By : Julia Suryakusuma
Why do we like to mock and bully others? Psychologists say it’s due to our having low esteem, so it makes us feel “superior” to put people down.
According to a recent article in Tribun Jabar, a West Java newspaper, eight out of ten kids in Indonesia have experienced bullying. Bullies as kids, bullies as adults? It certainly points to us being a nation of insecure people. Sad, as Trump, the biggest bully of them all, would say.
But when Ratna Sarumpaet, a member of presidential candidate Prabowo Subianto, tearfully and convincingly contrite, admitted she lied about having been assaulted, she set herself up to be mocked and ridiculed. It turns out that she had had liposuction to reduce her chubby cheeks – hence her swollen face. She claims she used that excuse to avoid telling her family about her plastic surgery. She is also suspected of having used funds raised for the victims of an overloaded ferry that had sunk in Lake Toba, Sumatra, in June this year, for her facial beautification. However, according to Jakarta Police spokesman Sr. Comr. Argo Yuwono, with regards the misappropriation of funds, up to now there is no strong evidence of it yet.
The alleged assault was deemed to be politically motivated, so naturally Prabowo denounced the attack. Imagine his embarrassment when Ratna admitted she had lied, which led him to apologize “for amplifying a false claim by his campaign team member”, and to promptly expel her from his team. Talk about losing face (sic!), not just for Ratna, but also Prabowo and many others who had defended her.
Has Ratna always been such a provocative drama queen? Yes, in fact, she has. She was an acclaimed actress, playwright and theatre producer, but in the past her theatrics were done in a positive, creative way, not the melodramatic histrionics she seems to have descended to now.
In 1993 she started using her artistic vision as a tool to fight against any form of human rights violation. Her name shot up in 1994 when she wrote an original monologue Marsinah: Nyanyian dari Bawah Tanah (Marsinah: Song from the Underground), a tribute to Marsinah, a fearless labor activist who had been brutally murdered for demanding a pay rise. Marsinah is a classic, as it was also a critique of capitalism in Indonesia which places profit over human lives – this is often the case up to now.
Ratna wrote a drama on child trafficking commissioned by UNICEF in 2003 which she turned it into a film Jamila dan Sang President (Jamila and the President), released in 2009. Her last ouvre was a novel, Maluku, Kobaran Cintaku, about sectarian conflict in the Moluccas.
Ratna also had a high profile as a pro-democracy activist during the Order, was imprisoned a few times and has put her life on the line for her activism.
There are many conspiracy theories as to why she started behaving in this crazy manner: that she has hypomania, that she was a decoy, that she has the backing of powerful political actors/groups, etc etc. There is also the speculation that her hoax will cost Prabowo Subianto and Sandiaga Uno, his VP candidate votes, and even to cause them to be disqualified from the presidential race.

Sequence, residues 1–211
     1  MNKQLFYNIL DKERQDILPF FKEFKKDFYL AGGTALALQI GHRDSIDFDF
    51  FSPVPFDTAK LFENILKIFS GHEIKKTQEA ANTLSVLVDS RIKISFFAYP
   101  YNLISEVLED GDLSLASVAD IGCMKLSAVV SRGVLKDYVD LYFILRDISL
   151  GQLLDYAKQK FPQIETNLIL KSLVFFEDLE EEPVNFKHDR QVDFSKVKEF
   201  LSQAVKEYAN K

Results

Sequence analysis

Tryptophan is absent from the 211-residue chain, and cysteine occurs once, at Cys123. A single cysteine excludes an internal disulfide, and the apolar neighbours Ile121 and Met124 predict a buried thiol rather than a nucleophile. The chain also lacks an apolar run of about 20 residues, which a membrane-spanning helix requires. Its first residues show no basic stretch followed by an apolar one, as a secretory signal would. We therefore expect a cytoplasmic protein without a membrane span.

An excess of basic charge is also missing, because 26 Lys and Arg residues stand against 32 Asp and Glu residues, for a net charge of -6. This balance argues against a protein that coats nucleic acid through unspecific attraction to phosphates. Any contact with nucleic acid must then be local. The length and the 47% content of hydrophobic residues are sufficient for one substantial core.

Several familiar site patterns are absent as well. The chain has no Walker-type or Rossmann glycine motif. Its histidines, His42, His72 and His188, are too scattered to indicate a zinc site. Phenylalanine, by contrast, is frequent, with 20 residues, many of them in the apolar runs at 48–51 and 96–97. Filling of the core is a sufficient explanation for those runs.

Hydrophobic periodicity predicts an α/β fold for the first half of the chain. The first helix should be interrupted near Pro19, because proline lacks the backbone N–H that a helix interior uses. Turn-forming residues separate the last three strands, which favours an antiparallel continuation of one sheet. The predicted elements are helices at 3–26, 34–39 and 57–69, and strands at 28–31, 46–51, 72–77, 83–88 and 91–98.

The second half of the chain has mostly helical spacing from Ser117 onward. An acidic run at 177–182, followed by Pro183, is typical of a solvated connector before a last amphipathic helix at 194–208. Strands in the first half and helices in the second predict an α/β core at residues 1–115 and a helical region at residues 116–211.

Maybe we should speculate less and reflect more, as in many ways she is a personification of us, and a symptom of many of Indonesia’s ills.
Politically she flipped. She was a pro-democracy activist who at the end of 1997 formed Siaga, an alliance of 46 NGOs, the first organization to openly demand that Suharto step down. Now she backs Prabowo, Suharto’s former son-in-law, a military strongman, who alleged committed human rights abuses. But so have many of my erstwhile activists friends who have done exactly the same and now support Prabowo. But that seems to be the trend: since about 2015, democracy in Indonesia itself has stagnated, giving way to populist Islamic conservatism or populist ultra-nationalism.
Ratna may have committed corruption. Hey, join the club! Corruption is the most persistent problem that plagues the nation. In 2017, Indonesia’s rank in the latest Corruptions Perception Index compiled by Transparency International was 96 (down from 90 in 2016), with the House of Representatives (DPR), the judiciary and the police among the most corrupt institutions in the the country.
Ratna was recently awarded the title of “Ibu Hoax Indonesia” by Lembaga Pemilih Indonesia, a political NGO. Now that’s really unfair to the millions of others who created fake news which cost former Jakarta governor Basuki “Ahok” Tjahaja Purnama his freedom, which caused President Joko Widodo to produce his marriage certificate to prove he’s not Chinese, a Christian or a communist, and tons of other dangerously misleading hoaxes that circulate daily since 2014.
“Where memes could kill: Indonesia’s worsening problem of fake news”, is the title of a Time Magazine article by Yenni Kwok. She writes that it has become a massive problem in Indonesia, “inflaming ethnic and political tensions…[and] .. is potentially deadly”.
Ratna wears a jilbab, a symbol of religious adherence. Instead of doing good things for humanity, religion is increasingly used as a political tool for the corrupt and power interests of various groups, whether sectarian or political.
Instead of mocking and bullying Ratna, look in the mirror, my fellow Indonesian compatriots. The image you will see is a damn sight uglier than Ratna’s bruised, swollen face. And that’s the truth, not a hoax.